KITCHENER -- A big change has come for the Land Back Camp, a self-described Indigenous public land occupation that is now on the move after 122 days in Kitchener's Victoria Park.

The group has now moved to a new location, citing safety, health and privacy for the reasons behind the decision. Still, they say their purpose remains the same.

Organizers said their four months in Kitchener were marked by incidents of racism and harassment, prompting them to relocate to Waterloo Park instead.

"It just became too much, so we wanted to be somewhere that was better for the campers," said co-organizer Shawn Johnston.

Still, the group said the time spent in Victoria Park did include many meaningful moments, too.

"Watching some of the youth connect to the land and their language, to each other so quickly, so wonderfully. Everyone meshed together really well," said Amy Smoke.

The choice to move to Waterloo Park was partially made for the familiarity. In the past, that park has been the site of powwows hosted by the Indigenous Student Centre at the University of Waterloo.

"We already have that relationship with the City of Waterloo, that it would be best to move to the park," Johnson said.

That's something Waterloo Mayor Dave Jaworsky acknowledged, calling for people in the community to respect the Land Back Camp and what the people involved want to achieve.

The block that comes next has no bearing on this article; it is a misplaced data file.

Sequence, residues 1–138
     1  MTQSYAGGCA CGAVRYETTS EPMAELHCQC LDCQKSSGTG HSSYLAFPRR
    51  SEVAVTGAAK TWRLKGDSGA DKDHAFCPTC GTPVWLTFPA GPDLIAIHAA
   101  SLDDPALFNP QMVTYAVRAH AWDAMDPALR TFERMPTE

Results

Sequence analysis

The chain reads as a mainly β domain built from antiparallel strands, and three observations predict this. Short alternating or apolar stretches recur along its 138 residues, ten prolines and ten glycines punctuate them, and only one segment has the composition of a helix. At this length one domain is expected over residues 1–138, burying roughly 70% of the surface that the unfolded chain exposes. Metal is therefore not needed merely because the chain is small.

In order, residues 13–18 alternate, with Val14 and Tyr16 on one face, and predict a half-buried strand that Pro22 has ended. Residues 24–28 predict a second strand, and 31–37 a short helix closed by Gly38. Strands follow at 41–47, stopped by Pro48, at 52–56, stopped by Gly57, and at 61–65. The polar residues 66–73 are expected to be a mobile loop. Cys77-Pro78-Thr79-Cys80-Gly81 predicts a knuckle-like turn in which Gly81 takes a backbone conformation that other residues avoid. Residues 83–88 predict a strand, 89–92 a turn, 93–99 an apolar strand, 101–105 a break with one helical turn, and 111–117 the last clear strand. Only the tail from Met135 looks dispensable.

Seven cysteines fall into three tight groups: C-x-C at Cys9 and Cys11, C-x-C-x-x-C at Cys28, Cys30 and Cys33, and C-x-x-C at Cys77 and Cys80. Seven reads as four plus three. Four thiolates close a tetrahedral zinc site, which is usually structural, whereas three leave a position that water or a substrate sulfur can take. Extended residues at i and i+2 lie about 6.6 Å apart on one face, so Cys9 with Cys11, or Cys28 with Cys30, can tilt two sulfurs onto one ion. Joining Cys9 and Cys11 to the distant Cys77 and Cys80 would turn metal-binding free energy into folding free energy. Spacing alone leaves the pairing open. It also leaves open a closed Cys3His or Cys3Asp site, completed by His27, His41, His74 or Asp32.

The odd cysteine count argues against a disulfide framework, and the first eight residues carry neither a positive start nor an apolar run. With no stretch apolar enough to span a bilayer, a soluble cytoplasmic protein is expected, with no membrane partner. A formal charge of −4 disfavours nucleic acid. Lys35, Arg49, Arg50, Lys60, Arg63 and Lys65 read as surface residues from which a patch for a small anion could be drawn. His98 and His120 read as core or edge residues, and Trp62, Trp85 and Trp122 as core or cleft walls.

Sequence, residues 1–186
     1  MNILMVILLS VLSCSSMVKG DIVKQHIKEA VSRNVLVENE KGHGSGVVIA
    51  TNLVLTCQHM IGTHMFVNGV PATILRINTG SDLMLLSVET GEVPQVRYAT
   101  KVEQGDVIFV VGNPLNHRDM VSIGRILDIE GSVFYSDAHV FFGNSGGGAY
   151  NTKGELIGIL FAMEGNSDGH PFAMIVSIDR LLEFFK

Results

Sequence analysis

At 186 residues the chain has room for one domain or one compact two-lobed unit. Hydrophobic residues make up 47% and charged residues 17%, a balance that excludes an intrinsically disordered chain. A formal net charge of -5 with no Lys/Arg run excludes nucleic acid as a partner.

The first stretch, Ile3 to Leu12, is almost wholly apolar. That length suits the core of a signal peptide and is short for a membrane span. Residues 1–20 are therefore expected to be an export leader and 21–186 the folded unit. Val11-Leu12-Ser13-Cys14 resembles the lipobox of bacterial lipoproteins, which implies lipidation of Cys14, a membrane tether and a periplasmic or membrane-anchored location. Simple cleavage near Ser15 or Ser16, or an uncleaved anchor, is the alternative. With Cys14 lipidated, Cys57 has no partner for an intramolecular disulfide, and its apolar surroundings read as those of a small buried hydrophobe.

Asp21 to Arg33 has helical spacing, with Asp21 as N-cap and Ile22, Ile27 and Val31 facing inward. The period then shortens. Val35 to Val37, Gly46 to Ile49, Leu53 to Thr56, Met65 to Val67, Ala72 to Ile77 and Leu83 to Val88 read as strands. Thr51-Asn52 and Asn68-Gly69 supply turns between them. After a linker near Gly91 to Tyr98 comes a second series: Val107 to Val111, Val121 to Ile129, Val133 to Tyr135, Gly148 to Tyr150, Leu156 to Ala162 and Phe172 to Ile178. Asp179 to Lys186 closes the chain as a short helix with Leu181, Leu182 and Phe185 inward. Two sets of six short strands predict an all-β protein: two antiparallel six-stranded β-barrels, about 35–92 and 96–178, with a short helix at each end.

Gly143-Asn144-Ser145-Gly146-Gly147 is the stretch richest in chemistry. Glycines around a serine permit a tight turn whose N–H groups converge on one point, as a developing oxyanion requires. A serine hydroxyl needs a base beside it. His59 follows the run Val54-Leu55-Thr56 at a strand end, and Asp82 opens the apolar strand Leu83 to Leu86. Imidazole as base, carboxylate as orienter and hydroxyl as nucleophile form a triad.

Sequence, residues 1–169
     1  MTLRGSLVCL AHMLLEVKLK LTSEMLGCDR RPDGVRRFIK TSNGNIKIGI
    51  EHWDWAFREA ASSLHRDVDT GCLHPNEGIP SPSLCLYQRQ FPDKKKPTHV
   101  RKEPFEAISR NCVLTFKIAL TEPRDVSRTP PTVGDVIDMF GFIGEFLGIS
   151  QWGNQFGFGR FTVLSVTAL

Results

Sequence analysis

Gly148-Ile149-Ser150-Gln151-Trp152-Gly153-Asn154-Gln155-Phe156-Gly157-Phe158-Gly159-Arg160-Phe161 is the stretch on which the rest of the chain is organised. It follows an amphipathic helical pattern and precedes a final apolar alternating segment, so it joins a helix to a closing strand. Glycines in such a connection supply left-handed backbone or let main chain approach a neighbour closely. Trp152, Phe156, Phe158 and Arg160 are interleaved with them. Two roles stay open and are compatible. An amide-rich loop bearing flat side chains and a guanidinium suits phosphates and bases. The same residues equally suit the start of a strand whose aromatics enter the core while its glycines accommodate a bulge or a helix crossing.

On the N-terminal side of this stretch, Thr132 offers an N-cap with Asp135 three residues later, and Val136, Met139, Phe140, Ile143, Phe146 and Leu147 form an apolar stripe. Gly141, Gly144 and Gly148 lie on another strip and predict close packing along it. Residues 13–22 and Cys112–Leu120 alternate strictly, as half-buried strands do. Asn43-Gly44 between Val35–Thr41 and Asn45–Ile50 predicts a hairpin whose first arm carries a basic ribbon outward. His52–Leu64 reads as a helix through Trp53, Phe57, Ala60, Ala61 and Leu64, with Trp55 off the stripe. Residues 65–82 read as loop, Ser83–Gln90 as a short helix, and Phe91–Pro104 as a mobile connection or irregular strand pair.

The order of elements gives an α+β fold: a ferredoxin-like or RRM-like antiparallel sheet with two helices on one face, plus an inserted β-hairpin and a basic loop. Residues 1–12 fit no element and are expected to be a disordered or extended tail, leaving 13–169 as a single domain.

"We have a long way to go as a community in terms of respecting many, many wrongs in the past and fixing them," he said.

Organizers said they have already seen two big changes over the last 122 days.

"All fees be waived in public spaces for the Indigenous communities to gather, that's great," Johnston said. "Also for positions to be created at the City of Kitchener for Indigenous peoples, Black people, people of colour. That was passed recently."

The camp organizers said they still want to see the creation of Indigenous advisory committees, and land for a permanent gathering space.

Those involved are prepared to stay through the winter months if that's what it takes.

"We have been living on the land since the beginning of time. We would figure it out," Smoke said.

Organizers said they've been welcomed by the community, but did want to remind people to respect their sacred space.